The U.S.-led military campaign against Osama bin Laden and his al Qaeda network has worsened an already dire humanitarian crisis in and around Afghanistan. ABCNEWS.com is sharing the stories of aid workers assisting refugees in the region. Below are comments from a Nov. 15 conversation with Christopher Stokes of Médecins Sans Frontières (Doctors Without Borders). His group has just returned to Afghanistan after a two-month absence.
We're in Mazar-e-Sharif now. We were the first foreigners people had seen for two months, and the Afghans were quite surprised to see us arrive there yesterday during the night. I think they were quite pleased as well because they saw the first signs of humanitarian assistance coming back into the north. We have three people here now, and we have more people on the way.
Having been here only 24 hours, it's quite hard to say how secure we are. But I've lived here in 1996 and 1997, and I've seen the conditions when you have different commanders in town, and we've worked in conditions similar to this basically for the past 20 years now in Afghanistan.
You can never say things are totally peaceful, but you are usually able to work and you can negotiate your way through the different areas controlled by different people. And you are able to provide assistance. So I think the conditions aren't perfect, but they are workable. There is opportunity to bring humanitarian assistance into the north, and definitely into Mazar-e-Sharif.
Support Comes from Individuals, Not Governments
It's hard to tell what level of support we'll need. Médecins Sans Frontières (MSF) has been working here for over 20 years, basically without support form the Western military. And we're back in Kabul; we're back in Herat; we're back in Mazar-e-Sharif; and we're back in Taloqan. We're restarting the aid operation, and we're doing this in a way that's as independent as possible, basically.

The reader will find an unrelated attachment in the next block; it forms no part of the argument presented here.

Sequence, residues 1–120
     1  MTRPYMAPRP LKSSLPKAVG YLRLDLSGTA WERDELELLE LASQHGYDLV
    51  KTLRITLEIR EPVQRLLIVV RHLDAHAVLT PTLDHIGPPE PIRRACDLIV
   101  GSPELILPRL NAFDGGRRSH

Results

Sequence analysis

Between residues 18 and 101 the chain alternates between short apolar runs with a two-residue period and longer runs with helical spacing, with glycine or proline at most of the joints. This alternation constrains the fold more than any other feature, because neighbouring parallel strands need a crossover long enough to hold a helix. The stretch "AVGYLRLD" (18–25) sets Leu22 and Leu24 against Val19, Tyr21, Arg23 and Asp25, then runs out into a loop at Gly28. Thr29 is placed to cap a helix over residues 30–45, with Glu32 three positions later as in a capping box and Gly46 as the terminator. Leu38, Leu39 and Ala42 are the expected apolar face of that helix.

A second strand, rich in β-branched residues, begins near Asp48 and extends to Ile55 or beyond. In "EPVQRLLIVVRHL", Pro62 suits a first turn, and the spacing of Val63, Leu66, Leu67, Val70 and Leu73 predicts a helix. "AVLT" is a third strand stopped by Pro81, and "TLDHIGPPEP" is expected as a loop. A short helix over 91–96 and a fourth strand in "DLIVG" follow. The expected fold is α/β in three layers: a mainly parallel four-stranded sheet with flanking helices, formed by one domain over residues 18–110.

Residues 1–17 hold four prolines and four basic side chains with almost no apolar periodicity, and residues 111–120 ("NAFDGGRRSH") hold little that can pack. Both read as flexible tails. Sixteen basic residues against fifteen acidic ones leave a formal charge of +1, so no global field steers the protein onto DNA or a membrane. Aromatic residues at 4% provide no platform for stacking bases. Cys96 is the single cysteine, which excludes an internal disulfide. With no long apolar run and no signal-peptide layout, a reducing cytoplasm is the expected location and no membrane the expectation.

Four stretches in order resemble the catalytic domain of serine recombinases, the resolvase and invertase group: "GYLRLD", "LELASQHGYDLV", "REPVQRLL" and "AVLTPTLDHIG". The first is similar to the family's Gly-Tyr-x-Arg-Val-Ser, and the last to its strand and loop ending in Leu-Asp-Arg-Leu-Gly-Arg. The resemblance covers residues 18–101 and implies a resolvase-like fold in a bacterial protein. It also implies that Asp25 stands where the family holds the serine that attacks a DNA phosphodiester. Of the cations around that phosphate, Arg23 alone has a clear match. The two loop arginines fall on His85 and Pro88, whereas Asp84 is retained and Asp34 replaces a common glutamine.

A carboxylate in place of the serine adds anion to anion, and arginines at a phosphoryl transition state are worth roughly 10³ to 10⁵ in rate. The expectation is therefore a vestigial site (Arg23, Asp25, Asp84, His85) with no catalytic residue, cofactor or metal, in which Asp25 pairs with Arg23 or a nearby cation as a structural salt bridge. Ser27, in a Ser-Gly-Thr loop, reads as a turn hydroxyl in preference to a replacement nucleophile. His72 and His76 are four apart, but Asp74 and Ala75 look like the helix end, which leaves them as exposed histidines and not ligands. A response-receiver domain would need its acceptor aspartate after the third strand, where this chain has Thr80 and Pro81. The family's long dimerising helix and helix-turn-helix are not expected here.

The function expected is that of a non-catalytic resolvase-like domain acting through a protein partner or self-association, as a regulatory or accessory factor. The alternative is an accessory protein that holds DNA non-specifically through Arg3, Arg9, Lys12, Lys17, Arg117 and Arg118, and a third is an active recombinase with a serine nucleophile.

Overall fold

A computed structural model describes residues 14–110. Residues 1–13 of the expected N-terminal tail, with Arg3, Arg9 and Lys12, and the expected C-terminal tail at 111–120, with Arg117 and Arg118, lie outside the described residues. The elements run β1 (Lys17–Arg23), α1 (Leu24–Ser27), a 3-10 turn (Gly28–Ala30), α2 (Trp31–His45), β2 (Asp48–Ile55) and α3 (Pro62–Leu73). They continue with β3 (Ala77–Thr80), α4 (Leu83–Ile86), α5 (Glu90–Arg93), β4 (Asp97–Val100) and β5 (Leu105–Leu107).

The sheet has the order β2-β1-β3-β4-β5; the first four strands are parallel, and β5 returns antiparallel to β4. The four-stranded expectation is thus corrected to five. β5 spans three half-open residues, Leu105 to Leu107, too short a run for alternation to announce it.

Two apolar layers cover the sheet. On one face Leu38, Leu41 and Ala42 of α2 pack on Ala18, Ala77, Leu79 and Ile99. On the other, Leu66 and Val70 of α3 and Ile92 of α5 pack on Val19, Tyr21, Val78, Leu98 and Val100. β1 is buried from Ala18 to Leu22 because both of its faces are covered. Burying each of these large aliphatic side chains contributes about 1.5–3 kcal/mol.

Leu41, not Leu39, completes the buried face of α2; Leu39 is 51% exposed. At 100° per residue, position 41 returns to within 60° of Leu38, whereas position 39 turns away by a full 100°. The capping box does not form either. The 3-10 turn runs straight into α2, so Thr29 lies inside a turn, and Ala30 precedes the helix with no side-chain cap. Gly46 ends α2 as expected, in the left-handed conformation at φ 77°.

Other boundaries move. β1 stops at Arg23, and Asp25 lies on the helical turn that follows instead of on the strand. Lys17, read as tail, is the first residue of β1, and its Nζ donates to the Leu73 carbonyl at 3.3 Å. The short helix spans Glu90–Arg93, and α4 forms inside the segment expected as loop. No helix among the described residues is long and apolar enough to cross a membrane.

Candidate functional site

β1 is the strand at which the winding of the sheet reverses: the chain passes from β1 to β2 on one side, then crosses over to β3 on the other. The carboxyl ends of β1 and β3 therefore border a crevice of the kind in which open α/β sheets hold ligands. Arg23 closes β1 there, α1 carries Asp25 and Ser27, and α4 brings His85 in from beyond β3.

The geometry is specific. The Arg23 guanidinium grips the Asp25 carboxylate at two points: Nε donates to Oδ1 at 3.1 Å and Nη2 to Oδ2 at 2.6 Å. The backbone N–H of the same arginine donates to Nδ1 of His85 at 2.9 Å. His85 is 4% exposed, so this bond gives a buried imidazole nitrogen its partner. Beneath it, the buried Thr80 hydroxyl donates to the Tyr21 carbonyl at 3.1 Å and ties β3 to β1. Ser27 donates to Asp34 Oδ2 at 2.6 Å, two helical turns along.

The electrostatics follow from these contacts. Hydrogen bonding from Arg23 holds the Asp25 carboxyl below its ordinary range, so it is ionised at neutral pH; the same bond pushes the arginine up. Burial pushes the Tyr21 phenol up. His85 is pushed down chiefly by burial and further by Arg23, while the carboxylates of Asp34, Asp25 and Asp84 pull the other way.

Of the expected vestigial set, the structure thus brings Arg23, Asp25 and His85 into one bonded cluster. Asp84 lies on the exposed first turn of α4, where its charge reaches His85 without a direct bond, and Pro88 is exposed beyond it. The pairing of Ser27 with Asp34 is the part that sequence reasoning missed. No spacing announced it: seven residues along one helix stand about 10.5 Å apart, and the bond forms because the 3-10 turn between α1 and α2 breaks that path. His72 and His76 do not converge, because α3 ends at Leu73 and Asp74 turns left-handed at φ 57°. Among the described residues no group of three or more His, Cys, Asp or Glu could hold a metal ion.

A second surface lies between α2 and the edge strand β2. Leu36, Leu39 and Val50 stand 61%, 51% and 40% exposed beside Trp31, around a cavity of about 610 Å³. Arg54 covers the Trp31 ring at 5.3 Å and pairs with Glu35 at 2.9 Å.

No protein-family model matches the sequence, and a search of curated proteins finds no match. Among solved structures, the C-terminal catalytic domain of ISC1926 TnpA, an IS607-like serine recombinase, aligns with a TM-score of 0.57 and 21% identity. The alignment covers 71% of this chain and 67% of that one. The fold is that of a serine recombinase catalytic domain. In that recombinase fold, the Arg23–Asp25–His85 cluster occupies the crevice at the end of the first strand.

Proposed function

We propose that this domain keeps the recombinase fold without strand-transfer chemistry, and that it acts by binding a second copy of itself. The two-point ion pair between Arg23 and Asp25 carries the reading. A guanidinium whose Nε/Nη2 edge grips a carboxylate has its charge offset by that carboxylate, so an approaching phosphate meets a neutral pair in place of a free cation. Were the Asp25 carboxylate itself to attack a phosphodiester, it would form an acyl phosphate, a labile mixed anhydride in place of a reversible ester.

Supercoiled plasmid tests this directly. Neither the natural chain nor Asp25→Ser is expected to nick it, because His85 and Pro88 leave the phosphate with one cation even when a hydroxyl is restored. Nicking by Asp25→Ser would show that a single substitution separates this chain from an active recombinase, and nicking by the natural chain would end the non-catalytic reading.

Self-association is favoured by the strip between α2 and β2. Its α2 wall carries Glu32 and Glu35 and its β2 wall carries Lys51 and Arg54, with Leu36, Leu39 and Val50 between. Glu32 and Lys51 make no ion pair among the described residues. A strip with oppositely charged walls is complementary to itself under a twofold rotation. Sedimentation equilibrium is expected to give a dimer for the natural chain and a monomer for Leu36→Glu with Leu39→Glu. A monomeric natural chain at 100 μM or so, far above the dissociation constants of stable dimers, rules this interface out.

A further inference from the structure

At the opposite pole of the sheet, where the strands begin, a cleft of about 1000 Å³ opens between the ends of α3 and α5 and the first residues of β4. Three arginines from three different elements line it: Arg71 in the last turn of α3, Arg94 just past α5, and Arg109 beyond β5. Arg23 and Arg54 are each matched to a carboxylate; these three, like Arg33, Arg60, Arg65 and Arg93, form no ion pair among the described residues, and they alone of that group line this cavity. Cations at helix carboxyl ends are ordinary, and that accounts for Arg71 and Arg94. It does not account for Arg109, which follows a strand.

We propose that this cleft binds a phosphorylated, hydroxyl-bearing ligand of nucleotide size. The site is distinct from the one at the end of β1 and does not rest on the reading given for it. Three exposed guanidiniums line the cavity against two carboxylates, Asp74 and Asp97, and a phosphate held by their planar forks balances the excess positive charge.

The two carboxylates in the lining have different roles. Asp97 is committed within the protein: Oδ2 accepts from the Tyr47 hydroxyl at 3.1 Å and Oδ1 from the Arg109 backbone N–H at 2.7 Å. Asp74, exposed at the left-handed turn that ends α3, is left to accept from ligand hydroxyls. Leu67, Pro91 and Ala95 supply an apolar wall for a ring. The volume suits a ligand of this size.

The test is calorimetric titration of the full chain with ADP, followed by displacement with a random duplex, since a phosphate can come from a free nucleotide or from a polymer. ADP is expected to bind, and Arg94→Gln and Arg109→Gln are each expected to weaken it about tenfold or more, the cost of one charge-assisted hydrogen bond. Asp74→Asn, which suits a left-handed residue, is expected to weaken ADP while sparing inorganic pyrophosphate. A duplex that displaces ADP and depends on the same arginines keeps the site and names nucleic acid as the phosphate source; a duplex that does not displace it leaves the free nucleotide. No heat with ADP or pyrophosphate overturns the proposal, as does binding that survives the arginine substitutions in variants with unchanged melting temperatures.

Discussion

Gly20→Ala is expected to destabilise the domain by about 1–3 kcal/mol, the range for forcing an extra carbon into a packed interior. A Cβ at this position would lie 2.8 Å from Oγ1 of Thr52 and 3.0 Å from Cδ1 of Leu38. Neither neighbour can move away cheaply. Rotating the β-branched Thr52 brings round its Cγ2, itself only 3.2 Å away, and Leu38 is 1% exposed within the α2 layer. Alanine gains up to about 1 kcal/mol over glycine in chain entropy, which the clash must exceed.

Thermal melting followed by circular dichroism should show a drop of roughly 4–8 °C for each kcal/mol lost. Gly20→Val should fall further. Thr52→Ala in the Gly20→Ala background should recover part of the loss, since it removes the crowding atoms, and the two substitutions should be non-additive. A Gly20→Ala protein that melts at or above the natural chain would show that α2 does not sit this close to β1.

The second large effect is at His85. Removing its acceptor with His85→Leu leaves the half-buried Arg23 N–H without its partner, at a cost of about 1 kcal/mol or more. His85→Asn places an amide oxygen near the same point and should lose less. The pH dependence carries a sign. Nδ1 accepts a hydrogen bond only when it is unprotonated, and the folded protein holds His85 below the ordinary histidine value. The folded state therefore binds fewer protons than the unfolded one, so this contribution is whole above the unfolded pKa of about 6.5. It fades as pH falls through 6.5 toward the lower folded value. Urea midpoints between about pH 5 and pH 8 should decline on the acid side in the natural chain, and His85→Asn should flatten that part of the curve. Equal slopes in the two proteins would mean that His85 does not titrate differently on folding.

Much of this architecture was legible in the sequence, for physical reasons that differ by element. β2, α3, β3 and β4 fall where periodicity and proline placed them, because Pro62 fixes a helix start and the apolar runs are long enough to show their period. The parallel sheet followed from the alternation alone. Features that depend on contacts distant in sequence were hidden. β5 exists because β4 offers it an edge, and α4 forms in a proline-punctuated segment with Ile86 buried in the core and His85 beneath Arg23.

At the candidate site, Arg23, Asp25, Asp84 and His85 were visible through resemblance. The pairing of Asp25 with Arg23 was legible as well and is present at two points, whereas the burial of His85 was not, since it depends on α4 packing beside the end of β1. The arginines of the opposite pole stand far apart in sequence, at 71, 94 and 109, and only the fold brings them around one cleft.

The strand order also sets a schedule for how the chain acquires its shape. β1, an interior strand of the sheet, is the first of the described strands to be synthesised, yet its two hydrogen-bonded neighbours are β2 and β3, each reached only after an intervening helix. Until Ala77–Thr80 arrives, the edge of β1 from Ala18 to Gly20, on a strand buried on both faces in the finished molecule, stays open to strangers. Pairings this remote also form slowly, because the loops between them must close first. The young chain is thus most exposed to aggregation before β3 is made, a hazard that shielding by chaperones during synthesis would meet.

We're relying on the generosity of the public; this is our main source of funding for operations. And we're not taking funding from any of the belligerents — any of the parties or governments involved in the conflict. It's a general rule with MSF — one that we apply in other conflicts as well. But we certainly have appeals toward the donor public in Europe and in the States, and they've been very generous up until now. The financing we're using over here is coming from ordinary individuals.
I think we don't really feel the need for any Western troops to come in and provide security today. The situation is quite workable. Also, we know that if foreign troops come in — if American, British or other Western troops come in, there's also a risk for us. Many of the people we send in here — the international staff, the doctors, the nurses, myself and others — come from the United Kingdom, the United States and the West, and there's a risk of association.
The Afghans always ask you why you're here, and if you have other motives. If we have the military providing humanitarian assistance, there's a risk that people will think that things are being done for other motives — political or military or propaganda.